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Hot, hot, hot!

Over time, I have learned that the non-motor symptoms of Parkinson’s disease — especially those caused by a malfunction in the autonomic nervous system — can be more challenging to live with than the traditional motor symptoms associated with PD. These symptoms include everything from drooling to increased urgency and frequency of urination, to too much or too little sweating.

My faulty thermostat has me living in what feels like a constant state of heat exhaustion, and I’ve yet to even experience the joy of menopause. Hot flashes that come and go would be a welcome relief from feeling “hot, hot, hot” 24/7. I am certain that one day the sun and moon will align in such a way that these conditions will collide head on, giving rise to an internal inferno that will melt down what Parkinson’s has left of my brain.

Even on Chicago’s coldest days, when the winds howl and the temperature feel like double digits below zero, I am comfortable in my warm-up suit. For months, my winter coat sits like a prop in the back seat of my car in case of emergency … like should I hit one of Chicago’s bottomless potholes and find myself with a flat tire.

Strangers stop me on the street to ask, “Aren’t you cold? Where’s your jacket?” Do they think I don’t know when I’m cold, or are they worried that I can’t afford a winter coat? I tell them my mother lives in Florida and offer them her phone number so they can rat me out.  They shake their heads in disgust and walk away.

 

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WPC - Montreal, Canada 2013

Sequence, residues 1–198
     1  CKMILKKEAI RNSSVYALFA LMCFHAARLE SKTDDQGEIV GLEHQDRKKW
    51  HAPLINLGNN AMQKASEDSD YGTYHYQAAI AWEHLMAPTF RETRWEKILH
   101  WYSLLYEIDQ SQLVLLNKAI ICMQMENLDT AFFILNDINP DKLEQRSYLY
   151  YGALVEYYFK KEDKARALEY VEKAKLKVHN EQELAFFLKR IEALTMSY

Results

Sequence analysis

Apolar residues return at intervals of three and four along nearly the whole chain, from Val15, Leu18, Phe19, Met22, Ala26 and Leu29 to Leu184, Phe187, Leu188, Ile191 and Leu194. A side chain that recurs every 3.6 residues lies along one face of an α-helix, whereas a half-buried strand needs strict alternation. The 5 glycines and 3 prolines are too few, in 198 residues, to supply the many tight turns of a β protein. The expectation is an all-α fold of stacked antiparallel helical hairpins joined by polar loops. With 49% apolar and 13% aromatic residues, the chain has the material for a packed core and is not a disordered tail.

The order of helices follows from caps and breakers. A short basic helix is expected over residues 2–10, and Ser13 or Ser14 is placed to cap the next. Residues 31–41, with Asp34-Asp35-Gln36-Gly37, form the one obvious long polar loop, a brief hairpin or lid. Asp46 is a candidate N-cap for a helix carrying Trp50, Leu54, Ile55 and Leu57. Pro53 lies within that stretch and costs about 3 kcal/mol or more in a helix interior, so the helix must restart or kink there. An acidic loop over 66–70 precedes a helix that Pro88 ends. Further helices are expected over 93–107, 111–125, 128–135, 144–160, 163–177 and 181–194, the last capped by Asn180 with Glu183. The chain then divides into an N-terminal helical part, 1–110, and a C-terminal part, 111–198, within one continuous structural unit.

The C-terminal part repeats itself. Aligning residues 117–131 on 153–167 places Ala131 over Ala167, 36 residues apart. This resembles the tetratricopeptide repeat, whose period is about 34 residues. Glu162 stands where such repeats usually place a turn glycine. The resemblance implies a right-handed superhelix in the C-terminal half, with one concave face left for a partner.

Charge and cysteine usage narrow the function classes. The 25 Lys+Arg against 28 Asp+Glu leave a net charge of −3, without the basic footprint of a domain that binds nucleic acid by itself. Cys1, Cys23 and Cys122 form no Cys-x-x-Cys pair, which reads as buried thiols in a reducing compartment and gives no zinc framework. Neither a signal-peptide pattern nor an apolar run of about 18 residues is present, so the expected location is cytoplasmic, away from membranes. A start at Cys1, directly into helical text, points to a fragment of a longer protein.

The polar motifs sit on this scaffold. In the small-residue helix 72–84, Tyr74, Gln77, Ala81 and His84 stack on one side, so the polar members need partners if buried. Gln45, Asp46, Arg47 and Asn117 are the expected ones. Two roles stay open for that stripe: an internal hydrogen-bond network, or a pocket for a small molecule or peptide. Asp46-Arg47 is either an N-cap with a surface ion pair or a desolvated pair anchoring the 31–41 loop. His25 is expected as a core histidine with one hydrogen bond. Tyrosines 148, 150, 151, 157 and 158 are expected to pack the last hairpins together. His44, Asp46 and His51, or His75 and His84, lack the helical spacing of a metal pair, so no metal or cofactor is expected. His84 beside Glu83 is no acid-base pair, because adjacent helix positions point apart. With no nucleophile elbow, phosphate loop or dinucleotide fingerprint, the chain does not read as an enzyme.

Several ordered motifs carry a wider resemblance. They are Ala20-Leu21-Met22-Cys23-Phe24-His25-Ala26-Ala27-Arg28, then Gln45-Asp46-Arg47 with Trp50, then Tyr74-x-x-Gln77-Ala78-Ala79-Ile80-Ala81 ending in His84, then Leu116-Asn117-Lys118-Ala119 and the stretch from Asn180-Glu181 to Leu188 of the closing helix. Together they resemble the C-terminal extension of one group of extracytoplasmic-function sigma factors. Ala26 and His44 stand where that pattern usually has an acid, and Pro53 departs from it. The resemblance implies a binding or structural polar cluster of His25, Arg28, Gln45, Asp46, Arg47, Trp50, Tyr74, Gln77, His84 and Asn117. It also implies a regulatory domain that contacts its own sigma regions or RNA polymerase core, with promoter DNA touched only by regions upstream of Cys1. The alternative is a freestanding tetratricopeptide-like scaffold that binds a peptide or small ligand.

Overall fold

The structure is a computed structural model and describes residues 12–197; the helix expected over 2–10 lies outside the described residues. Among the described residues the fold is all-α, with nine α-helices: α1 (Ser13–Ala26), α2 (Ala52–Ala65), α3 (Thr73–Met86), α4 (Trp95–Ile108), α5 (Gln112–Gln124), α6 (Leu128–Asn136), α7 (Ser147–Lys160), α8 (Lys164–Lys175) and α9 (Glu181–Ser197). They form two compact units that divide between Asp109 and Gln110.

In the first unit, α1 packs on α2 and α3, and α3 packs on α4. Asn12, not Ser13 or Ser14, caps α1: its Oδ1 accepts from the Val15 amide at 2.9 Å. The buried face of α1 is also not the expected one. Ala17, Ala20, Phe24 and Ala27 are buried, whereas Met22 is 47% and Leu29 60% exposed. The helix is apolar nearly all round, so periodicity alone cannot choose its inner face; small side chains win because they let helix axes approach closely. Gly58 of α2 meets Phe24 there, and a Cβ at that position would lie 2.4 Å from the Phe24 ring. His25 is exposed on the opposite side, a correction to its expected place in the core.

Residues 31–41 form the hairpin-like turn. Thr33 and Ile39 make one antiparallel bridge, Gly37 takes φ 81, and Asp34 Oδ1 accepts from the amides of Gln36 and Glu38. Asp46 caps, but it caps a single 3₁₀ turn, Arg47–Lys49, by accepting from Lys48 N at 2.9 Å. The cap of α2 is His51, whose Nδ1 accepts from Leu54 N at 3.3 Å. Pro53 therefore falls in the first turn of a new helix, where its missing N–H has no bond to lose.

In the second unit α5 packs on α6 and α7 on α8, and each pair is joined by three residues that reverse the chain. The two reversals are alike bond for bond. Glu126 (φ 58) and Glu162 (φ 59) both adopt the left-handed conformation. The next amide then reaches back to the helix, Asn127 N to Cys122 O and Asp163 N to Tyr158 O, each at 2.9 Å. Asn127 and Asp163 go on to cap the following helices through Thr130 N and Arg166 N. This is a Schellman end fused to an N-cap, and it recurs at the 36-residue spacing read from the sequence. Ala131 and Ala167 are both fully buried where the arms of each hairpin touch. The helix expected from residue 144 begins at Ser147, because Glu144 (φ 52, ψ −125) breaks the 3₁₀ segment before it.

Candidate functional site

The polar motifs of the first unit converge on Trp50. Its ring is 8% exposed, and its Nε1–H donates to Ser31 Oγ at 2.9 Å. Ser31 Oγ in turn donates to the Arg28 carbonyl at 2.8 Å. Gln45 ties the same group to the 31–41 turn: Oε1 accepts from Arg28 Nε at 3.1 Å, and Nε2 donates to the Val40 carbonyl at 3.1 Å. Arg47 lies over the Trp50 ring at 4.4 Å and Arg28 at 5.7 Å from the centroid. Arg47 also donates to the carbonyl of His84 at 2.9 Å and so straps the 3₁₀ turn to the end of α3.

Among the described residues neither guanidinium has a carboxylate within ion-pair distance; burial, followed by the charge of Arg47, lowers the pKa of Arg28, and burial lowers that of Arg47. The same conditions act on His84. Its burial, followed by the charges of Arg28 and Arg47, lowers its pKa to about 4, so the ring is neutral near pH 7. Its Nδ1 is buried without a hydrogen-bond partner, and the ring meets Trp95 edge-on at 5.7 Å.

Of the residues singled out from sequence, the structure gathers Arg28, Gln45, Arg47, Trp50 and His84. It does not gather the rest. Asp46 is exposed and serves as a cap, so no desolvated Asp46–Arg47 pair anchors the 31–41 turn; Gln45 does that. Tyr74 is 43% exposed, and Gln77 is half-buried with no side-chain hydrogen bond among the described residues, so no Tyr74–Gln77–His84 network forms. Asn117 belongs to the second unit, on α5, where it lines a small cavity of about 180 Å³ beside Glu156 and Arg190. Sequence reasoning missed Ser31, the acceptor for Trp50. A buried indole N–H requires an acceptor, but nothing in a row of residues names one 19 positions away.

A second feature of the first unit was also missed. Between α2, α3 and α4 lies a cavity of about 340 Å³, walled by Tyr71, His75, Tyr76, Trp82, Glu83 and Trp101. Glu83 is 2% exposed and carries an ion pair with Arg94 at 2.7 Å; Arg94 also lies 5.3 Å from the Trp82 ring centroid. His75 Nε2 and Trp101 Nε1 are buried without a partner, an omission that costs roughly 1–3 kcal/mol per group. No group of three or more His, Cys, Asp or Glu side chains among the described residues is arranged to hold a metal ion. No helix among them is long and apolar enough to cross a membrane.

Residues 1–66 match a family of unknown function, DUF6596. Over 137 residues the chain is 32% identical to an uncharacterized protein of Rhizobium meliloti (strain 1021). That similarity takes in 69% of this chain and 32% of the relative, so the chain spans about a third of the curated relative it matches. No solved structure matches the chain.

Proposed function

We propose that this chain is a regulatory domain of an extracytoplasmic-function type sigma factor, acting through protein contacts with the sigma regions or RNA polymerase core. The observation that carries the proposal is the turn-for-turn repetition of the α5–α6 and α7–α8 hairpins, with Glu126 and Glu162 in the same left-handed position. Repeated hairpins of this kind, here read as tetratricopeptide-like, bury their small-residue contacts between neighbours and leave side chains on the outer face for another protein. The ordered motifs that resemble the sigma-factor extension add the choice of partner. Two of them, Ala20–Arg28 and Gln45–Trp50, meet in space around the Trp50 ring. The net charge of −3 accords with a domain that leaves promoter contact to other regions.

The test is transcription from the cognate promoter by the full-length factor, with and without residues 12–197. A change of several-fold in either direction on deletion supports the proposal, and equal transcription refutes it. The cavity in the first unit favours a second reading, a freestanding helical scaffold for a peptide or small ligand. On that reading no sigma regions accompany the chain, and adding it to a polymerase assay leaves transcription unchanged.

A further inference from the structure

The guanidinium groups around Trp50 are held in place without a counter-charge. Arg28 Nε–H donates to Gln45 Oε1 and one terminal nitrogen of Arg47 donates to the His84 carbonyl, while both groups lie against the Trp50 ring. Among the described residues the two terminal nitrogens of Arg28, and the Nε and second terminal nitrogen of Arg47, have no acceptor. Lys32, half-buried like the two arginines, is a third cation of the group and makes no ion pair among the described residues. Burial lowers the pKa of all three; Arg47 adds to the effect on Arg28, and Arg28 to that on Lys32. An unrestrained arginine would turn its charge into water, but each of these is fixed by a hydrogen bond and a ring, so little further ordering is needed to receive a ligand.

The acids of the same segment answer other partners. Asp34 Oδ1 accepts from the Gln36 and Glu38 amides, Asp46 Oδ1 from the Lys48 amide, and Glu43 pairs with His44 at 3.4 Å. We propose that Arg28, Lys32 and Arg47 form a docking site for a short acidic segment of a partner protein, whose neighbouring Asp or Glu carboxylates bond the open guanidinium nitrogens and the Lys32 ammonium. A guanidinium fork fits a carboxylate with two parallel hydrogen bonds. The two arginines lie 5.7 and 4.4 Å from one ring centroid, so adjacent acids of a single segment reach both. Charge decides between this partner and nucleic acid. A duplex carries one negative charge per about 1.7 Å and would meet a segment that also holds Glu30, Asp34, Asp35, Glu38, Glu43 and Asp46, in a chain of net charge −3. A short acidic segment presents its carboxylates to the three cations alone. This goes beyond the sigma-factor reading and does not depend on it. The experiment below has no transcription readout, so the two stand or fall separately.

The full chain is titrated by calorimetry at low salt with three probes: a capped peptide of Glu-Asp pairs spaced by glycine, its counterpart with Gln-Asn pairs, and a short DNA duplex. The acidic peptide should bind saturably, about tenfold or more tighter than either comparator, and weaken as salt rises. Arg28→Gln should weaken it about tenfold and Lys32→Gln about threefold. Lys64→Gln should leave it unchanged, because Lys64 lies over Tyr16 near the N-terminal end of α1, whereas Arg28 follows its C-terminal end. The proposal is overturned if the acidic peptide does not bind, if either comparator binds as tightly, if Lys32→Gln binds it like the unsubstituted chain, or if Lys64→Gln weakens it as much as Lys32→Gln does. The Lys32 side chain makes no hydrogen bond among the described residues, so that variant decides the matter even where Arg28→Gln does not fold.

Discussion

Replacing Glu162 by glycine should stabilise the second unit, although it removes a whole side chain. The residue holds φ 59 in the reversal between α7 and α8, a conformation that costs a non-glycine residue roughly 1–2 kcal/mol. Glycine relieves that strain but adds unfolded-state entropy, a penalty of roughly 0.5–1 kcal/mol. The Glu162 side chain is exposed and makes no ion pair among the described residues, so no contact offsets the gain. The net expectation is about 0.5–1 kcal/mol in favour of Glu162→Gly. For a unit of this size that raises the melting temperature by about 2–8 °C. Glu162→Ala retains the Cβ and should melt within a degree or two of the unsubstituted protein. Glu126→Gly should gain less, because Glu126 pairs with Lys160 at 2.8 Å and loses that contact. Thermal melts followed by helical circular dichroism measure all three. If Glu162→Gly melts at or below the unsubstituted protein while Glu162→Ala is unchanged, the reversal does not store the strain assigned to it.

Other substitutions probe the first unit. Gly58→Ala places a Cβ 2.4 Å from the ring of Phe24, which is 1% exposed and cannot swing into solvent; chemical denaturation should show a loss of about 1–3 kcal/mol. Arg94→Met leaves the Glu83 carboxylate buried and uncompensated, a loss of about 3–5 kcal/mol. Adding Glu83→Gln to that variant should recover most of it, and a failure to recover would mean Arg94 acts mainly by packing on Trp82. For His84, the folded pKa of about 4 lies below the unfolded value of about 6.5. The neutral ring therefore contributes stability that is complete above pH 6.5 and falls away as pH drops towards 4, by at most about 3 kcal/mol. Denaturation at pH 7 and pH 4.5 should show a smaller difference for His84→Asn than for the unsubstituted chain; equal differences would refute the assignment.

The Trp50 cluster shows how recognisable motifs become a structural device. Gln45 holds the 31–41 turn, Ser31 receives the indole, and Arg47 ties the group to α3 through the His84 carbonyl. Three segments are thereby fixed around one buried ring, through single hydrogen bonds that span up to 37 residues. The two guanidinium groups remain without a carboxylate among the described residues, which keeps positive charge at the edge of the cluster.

hot hot sheryl

When holiday shopping with friends, they are bundled up in turtlenecks, shirts, jackets, hat, scarves, and gloves. Just looking at them makes me sweat. I, on the other hand, am wearing my year-round attire: a light cotton shirt over a tank top. That’s it. Smelling the mall air gets my adrenaline pumping and sends rivers of water rushing down my back like the rapids. Trying on clothes in this state is impossible because everything I put on sticks to my body.

At home, where I can control my environment, I try to keep the temperature at a balmy 70 72-degrees year round. The recent installation of a behemoth 2-1/2 ton air conditioner in my loft office has transformed what once was very poorly insulated attic space into the “meat locker” of my dreams, and made it easier to keep the whole house cooler.

Knowing this, visiting friends and relatives come dressed in layers and eagerly accept the afghans and jackets I loan out… be it winter, spring, summer or fall. I feel badly that our guests are cold, but I’d feel even worse if I were hot and had to start peeling off what little clothing I had on in order to breathe. 

 

 



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